25.02.2024

Sleeping for less than six hours a night could increase your risk of getting infections

Sleeping less than six hours a night could increase your risk of getting infections, a study suggests. Researchers asked 1,848 people in GP surgeries in Norway how much sleep they got each night on average.

Then they asked if they had suffered a respiratory infection such as a cold or a stomach bug, urinary tract infection (UTI), skin or eye infection or another type of infection in the previous three months.

Those who said they slept less than six hours a night were 27 per cent more likely to have had an infection in the past three months compared to those getting enough sleep – the recommended seven to eight hours a night.

The study may have been too small to provide many clear trends between lack of sleep and specific infections.

Those who said they slept less than six hours a night were 27 per cent more likely to have had an infection in the past three months compared to those getting enough sleep – the recommended seven to eight hours a night

Those who said they slept less than six hours a night were 27 per cent more likely to have had an infection in the past three months compared to those getting enough sleep – the recommended seven to eight hours a night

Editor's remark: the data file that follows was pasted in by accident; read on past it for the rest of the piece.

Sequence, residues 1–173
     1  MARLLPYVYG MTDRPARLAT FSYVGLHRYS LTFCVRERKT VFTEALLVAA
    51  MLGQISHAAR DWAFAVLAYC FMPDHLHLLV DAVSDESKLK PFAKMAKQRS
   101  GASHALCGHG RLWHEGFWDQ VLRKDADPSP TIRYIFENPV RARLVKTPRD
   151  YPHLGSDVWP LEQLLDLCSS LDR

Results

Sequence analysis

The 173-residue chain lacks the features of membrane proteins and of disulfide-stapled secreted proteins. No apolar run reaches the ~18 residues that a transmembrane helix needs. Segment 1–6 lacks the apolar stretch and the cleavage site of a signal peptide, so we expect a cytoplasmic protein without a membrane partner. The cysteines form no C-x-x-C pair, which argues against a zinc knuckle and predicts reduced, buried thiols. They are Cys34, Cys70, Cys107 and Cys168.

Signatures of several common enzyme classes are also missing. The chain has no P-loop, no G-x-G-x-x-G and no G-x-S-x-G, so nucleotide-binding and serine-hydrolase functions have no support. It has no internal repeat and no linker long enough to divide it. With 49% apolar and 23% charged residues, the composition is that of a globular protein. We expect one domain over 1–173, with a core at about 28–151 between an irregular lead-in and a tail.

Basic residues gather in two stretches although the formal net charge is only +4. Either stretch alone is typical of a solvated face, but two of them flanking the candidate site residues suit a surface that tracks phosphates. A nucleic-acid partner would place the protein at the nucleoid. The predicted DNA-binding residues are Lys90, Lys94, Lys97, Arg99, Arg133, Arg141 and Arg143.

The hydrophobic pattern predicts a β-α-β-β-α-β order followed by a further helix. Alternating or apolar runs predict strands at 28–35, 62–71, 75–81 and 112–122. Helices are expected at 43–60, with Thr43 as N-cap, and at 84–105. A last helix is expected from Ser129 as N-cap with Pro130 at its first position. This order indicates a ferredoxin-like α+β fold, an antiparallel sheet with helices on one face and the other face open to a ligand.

Researchers from the University of Bergen asked 1,848 people in GP surgeries in Norway how much sleep they got each night on average

But the results show people getting less than six hours of sleep were 92 per cent more likely to have had a stomach bug involving vomiting or diarrhoea.

Meanwhile those with insomnia were 41 per cent more likely to have had a UTI.

There is some evidence suggesting that too little sleep makes the immune system less able to fight off an infection, but more research is needed.

Previous studies have found people infected with a cold virus are more likely to actually get a cold, having failed to fight the virus off, if they are deprived of sleep.

Dr Ingeborg Forthun, who led the study from the University of Bergen in Norway, said: ‘Sleep is important not only for people’s wellbeing, but also for their health, including their body’s ability to fight an infection.

‘Increased awareness of the importance of sleep is needed in the general public and among physicians.’

The study, published in the journal Frontiers in Psychiatry, found almost 54 per cent of people surveyed in doctors’ surgeries had suffered an infection in the past three months.

Those who slept less than six hours were 57 per cent more likely to have been given antibiotics in the previous three months.

The researchers say sleeping the recommended amount could reduce infections.

However those who reported sleeping for more than nine hours were 44 per cent more likely to have had an infection than people sleeping seven to eight hours a night. Sleeping for too long may be a sign of underlying poor health.

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